Discovering Scotland’s rainforest
Did you know that Scotland has its own rainforest?
It may not be the kind that you’re thinking of. The word rainforest tends to conjure up images of dense tropical forests, alive with rare, exotic plants and creatures. It’s almost definitely not a word you’d connect with Scotland’s more typical landscape of hills and glens. Our rainforest is something a little different – an ancient, much rarer kind of rainforest.
A rainforest is an area of closed, continuous tree canopy with high rainfall that is home to mosses and lichens and lianas (woody stemmed vine plants that root in the soil and climb up trees towards the canopy). There are two types of rainforests, tropical and temperate. 6% of the Earth’s surface is covered by rainforest, the largest and most famous rainforest being the Amazon.
What kind of rainforest does Scotland have?
Scotland’s rainforest is a temperate rainforest. These rainforests can be found in temperate climate zones (in-between polar and tropics) across the world. You can find temperate rainforests in North America, South America, New Zealand, Japan and Northwest Europe. The high levels of rain and relatively mild temperatures found in the west of Scotland make our native woodlands an ideal home for many of the rarest mosses, liverworts and lichens in the world.
The majority of Scotland’s rainforest is made up of birch trees. These silver-barked trees are quite unpalatable to the deer grazing round the rainforest, limiting the reproduction of other tree types, giving the birch tree more opportunity to mature. Other native trees in Scotland’s rainforest include Atlantic oak, Ash, Hazel and Native Pine. There are also non-native species of spruce planted amongst our ancient woodlands that threaten our rainforest, these are being monitored and managed. The rainforest isn’t just trees however, there are shaded river banking, crags, boulders and open woodlands that all provide unique habitats for the rare species of mosses and lichen that can’t be found anywhere else in the world. The diverse range of habitats allows for there to be a wide range of conditions across the rainforest. Some spots are bright and open, others dark and humid.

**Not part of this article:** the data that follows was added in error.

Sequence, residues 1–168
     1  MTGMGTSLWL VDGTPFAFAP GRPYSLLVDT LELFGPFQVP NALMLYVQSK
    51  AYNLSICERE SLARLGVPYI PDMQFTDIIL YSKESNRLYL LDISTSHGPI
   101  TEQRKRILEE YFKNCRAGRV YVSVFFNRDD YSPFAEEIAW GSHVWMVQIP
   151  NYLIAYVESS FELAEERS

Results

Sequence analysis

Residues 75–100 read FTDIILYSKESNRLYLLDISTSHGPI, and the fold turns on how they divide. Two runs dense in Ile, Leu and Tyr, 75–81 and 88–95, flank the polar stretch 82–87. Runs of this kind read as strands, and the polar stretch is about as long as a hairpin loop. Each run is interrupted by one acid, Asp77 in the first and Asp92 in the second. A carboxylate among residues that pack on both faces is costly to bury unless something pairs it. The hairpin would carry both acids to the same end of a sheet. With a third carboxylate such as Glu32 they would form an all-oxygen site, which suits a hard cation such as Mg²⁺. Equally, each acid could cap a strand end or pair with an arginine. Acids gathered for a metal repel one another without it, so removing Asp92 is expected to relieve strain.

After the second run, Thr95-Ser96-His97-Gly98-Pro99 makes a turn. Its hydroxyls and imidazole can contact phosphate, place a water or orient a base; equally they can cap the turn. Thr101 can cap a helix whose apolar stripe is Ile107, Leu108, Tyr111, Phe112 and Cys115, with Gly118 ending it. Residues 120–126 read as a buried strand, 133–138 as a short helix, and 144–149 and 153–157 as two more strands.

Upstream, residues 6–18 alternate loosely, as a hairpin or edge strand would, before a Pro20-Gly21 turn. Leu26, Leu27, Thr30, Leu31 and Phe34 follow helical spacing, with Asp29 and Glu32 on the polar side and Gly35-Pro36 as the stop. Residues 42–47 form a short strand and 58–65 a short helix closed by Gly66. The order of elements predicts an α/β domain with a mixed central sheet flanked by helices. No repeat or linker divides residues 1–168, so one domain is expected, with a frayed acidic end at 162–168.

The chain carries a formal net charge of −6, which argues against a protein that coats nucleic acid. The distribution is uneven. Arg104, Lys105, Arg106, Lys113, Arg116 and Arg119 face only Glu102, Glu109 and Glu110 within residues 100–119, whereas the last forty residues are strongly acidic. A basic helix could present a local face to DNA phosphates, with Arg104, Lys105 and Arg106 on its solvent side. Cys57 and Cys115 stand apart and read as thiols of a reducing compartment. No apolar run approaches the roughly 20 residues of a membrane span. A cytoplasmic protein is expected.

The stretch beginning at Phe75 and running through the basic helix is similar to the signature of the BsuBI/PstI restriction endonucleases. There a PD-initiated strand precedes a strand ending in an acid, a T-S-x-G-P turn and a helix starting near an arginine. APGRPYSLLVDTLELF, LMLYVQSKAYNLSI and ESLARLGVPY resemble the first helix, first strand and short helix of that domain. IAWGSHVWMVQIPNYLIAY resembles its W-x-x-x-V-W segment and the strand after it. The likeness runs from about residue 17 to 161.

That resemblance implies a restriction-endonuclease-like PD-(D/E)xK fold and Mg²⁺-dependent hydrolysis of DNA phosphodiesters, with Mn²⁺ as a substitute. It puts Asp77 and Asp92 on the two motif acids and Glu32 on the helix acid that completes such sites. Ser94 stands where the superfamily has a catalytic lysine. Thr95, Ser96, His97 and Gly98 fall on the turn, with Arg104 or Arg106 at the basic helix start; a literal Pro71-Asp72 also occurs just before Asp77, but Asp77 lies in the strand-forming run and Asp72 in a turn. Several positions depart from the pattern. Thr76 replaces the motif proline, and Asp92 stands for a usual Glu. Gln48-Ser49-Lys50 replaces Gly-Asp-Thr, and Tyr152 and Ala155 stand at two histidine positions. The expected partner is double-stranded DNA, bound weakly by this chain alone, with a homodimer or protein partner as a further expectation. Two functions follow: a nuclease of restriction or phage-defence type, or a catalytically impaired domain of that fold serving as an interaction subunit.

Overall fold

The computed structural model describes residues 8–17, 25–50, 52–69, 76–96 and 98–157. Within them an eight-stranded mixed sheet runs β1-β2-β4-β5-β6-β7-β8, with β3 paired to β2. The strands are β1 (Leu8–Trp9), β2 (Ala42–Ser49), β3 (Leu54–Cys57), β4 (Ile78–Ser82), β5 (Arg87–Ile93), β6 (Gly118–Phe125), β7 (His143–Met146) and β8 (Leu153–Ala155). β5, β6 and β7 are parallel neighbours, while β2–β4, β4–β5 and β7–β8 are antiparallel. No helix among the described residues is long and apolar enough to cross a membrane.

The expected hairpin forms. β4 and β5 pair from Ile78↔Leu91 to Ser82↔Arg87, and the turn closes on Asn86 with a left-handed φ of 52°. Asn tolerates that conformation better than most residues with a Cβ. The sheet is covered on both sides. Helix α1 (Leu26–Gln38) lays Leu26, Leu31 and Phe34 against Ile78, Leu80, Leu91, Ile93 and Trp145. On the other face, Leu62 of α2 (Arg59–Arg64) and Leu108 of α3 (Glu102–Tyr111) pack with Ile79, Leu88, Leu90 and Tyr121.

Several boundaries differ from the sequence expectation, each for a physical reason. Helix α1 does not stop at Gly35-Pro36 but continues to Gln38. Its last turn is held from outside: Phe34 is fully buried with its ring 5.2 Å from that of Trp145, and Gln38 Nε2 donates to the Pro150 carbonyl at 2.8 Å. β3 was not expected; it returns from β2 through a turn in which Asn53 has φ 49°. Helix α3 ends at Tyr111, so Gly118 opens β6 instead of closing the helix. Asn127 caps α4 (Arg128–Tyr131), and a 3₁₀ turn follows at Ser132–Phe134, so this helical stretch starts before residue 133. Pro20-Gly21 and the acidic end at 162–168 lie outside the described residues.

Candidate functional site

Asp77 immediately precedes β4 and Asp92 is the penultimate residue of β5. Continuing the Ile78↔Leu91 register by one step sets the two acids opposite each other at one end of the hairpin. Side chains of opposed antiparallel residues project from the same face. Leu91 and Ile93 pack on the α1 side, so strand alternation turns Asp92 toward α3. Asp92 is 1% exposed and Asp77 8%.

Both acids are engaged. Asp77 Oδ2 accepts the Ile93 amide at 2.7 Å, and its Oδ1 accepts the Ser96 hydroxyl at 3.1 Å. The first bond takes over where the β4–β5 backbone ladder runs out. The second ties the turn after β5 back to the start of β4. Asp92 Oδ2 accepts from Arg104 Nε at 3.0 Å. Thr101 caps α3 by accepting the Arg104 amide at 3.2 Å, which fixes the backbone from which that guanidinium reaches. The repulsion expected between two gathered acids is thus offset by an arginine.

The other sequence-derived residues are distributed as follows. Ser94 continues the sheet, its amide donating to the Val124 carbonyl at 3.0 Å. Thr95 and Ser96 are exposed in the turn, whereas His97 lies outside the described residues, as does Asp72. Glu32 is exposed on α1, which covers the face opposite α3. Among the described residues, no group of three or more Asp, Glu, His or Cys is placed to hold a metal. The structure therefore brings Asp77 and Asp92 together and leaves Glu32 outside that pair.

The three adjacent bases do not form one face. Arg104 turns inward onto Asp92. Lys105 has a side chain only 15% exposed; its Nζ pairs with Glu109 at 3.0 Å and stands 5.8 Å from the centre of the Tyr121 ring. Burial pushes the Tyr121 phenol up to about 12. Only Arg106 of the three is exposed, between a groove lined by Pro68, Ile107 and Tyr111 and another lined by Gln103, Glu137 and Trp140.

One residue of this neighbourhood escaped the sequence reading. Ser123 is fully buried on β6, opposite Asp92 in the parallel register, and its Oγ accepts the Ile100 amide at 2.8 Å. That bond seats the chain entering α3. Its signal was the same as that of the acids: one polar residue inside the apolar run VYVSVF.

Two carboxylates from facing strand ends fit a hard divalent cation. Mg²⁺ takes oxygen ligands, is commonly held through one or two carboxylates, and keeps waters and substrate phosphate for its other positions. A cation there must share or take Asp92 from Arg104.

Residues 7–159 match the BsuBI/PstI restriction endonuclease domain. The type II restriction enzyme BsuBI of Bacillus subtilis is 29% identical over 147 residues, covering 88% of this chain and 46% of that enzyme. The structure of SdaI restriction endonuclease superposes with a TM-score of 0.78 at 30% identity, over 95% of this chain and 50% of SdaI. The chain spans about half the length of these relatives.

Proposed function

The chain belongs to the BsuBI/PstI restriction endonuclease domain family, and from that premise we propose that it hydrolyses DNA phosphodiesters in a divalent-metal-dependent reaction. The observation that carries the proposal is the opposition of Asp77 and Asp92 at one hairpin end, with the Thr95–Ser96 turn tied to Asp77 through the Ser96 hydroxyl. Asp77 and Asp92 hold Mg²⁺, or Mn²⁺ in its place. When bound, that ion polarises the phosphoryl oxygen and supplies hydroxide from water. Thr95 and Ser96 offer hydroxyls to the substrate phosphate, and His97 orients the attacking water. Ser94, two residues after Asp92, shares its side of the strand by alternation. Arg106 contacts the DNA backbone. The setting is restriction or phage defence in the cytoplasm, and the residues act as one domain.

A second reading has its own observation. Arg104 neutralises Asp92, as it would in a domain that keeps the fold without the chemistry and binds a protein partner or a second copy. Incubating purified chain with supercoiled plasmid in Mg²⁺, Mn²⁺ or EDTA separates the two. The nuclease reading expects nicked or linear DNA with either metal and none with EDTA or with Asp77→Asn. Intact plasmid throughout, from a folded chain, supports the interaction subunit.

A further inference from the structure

However, only 30,000 hectares of the Scottish rainforest remains, about the same area as the city of Edinburgh. Overgrazing, mainly by deer, and invasive species are threatening the survival of the rainforest. There is no space for the forest to expand and it has little to no potential to regenerate. In Despite this, there are 60,000 hectares that, with proper management and care, could be restored to rainforest status. To protect the Scottish rainforest, wildlife protection groups are coming together to engage with local communities on the topic of management and protection of this rare habitat. By giving advice to landowners and to policy makers, more action can be taken to conserve the rainforest.
Why does Scotland need a rainforest?
We are currently facing a global biodiversity crisis, on top of the climate crisis. Half of all the species of animals and plants in the world face extinction within the next century. The main drivers of this crisis are habitat destruction, chemical pollution and climate change - in other words, human action. Not only are we headed for a devastating loss of life, we’re directly contributing to a disturbance of the natural balance of life on Earth. Many of these species play crucial roles in making the world habitable for humans, for example, as pest control, which is particularly important for crops.
Rainforests also act as valuable “carbon sinks”. They remove carbon dioxide from the atmosphere and give out oxygen. The Scottish Rainforest not only has benefits for our environment but also for our society. The management of the forest and tourism around it creates jobs all along the west coast. It’s also a valuable green space for locals, providing fresh air, inspiration, and time in nature.
Find out more Scotland’s rainforest and what is being done to save them by visiting the Alliance for Scotland’s rainforest website.
In the lead up to COP26 taking place in November, Glasgow Science Centre will also be running Curious About Our Planet, a free digital science festival taking place between 29 Sept to 1 Oct, which will help people explore our world and the impact of climate change.
This blog post is adapted from an article that first appeared in Glasgow Times in September 2021, written by Caitlin MacInnes from Glasgow Science Centre.